Poetry Madness: Final Four & Winner

Kennedy Swope, Staff Writer

Over the past couple weeks, Mrs. Barca, a teacher in the English Department, has been hosting something called “Poetry Madness.” What started out as sixteen poems has gone down to four, and by the time that you’re reading this, the winner will most likely have been announced. While there are four left, let’s dive into who they are and what poem was selected to represent them in Poetry Madness.

First of the four is Joy Harjo with her poem “If The World Ends Here.” Harjo is the first Native American to hold the honor of being the incumbent United States Post Laureate. She is also only the second Post Laureate Consultant in Poetry to serve for three terms. ‘If The World Ends Here’ is a poem with the central image or symbol of a kitchen table. In this poem, everything is connected around this kitchen table, whether it be childhood, adulthood, love, loss, birth, death, or beginnings and endings. This poem shows the circle of life in all of its stages, and how it keeps going around no matter what.

Second of the four is Maya Angelou with her poem “And Still I Rise.” Angelou, along with being a poet, was a civil rights activist and memoirist. She published many autobiographies, essays, poetry, and is credited with a list of plays, shows, movies, and television shows. Angelou has also won plenty of awards and honors, showing how she had been very active in her life. “And Still I Rise” is a poem about self-respect and confidence, showing how nothing can get Angelou down because of her self-esteem. Nothing can hold her back from life and the opportunities she has, not even the color of her skin. This poem was written in the most productive point of her career, and it surely shows.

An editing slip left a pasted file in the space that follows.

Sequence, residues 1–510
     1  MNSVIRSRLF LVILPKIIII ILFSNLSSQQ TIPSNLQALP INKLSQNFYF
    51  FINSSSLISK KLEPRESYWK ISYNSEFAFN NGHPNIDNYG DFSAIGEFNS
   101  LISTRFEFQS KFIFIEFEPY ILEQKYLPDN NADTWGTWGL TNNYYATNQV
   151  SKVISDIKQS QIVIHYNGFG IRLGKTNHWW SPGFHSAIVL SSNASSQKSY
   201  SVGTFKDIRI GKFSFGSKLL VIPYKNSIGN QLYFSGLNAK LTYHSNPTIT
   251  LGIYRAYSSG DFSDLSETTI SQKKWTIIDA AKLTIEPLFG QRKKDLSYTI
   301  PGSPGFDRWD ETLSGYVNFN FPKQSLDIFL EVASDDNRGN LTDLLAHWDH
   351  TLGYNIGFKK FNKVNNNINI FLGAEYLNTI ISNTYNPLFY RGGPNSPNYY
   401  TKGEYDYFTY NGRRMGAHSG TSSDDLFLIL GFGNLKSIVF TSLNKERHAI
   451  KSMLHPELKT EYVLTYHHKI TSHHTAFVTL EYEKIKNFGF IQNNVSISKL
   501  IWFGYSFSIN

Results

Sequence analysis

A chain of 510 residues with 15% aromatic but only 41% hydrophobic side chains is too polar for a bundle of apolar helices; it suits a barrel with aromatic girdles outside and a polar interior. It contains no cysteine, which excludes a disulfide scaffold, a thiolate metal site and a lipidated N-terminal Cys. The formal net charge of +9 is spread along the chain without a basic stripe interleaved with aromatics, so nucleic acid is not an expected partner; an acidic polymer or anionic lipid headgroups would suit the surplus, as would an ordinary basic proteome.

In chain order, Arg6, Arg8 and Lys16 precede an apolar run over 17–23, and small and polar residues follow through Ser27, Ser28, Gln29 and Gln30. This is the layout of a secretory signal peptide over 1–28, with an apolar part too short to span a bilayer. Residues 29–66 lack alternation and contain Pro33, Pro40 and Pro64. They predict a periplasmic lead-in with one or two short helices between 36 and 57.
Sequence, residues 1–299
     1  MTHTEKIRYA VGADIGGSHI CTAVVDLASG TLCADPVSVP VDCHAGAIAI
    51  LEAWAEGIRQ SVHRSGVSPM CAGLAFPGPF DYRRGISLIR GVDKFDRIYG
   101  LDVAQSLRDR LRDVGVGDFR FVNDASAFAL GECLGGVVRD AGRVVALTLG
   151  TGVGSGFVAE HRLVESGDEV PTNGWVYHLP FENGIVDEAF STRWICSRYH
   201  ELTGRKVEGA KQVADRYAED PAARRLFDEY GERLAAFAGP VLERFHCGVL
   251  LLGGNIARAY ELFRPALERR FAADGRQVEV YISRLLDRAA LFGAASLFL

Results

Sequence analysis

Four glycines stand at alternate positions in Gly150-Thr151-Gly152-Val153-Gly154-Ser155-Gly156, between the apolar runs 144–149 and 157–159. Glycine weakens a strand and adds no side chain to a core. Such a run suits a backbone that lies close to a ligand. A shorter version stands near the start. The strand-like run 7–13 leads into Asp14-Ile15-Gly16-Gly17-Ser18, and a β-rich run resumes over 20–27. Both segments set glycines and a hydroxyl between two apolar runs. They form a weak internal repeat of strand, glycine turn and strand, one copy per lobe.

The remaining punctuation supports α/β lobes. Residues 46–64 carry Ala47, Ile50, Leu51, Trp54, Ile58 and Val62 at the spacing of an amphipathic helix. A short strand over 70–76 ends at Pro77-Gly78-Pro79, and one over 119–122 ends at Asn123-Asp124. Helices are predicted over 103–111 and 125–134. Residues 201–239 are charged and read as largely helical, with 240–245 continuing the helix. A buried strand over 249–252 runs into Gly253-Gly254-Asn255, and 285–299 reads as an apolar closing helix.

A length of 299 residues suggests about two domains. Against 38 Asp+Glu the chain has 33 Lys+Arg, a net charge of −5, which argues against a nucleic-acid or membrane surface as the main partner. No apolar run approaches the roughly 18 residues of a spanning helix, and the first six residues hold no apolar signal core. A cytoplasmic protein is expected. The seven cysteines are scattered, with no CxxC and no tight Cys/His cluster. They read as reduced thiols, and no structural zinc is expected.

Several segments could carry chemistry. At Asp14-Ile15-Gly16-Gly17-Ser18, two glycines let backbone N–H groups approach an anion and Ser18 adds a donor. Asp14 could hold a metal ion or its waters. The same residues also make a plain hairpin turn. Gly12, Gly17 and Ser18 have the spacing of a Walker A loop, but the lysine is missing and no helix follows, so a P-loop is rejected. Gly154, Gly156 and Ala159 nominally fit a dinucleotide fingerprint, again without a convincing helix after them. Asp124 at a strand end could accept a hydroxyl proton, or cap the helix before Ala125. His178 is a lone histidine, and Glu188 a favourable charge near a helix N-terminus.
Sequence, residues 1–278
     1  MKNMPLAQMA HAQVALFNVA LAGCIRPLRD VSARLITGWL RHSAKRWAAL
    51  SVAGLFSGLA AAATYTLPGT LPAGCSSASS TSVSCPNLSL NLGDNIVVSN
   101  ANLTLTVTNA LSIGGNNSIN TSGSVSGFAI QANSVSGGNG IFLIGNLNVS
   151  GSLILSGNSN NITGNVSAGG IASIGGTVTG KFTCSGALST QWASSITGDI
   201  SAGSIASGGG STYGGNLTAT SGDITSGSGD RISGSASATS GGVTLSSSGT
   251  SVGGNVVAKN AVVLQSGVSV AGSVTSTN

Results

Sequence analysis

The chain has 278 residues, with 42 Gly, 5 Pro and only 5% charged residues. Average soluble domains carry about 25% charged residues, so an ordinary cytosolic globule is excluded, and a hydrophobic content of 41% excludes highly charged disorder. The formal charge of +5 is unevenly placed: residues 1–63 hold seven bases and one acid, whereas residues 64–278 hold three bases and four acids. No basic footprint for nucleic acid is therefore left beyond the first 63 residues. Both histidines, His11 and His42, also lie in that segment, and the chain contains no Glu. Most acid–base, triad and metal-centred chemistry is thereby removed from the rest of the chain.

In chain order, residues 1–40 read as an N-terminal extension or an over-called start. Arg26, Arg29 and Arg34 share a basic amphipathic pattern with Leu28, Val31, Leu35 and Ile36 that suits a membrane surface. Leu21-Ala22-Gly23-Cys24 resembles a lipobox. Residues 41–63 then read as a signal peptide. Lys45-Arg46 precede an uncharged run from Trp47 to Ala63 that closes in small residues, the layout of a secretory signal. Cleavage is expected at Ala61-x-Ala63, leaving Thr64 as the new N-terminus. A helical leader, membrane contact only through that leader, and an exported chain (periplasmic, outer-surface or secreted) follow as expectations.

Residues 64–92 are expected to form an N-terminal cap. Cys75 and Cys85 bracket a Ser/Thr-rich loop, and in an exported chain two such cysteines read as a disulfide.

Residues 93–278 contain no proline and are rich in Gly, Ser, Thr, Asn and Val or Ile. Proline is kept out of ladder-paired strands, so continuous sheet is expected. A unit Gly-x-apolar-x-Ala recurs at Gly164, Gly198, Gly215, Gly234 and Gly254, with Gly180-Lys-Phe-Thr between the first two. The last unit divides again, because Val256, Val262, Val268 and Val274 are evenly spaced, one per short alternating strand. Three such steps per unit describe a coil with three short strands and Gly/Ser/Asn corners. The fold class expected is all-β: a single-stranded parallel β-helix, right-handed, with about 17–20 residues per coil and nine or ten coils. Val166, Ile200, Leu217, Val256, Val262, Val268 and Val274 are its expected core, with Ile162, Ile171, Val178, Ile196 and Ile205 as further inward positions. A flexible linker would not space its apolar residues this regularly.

The third poet, and one of the finalists, is Li-Young Lee with “I Loved You Before I Was Born.” Lee was born in Indonesia to Chinese parents. His father had to relocate to Indonesia with his family and started Gamaliel University. The Lee family had to flee the country in 1959 to escape anti-Chinese sentiment, settling in the United States 5 years after. Lee is the author of many books and poems, and “I Loved You Before I Was Born” focuses on love and the fact that love doesn’t always make sense sometimes. There is a sense of longing in the poem over time and space as the author explains his love to the reader in hopes that they will connect to it.

Lastly, the fourth poet and the other finalist, Tupac Shakur, has “The Rose That Grew From Concrete.” Many of you know who Tupac is, especially his music career, so there’s no need to delve deep into it. His poem is very short, but has a lot of meaning to it. It shows that, even when someone comes from a not-so-good place, they can still become great.

That’s all for the Poetry Madness final fours! Hopefully all of you voted for your favorites, and even if they didn’t make it, you still enjoyed the competition.

UPDATE: The winner is…”The Rose That Grew From Concrete” by Tupac Shakur.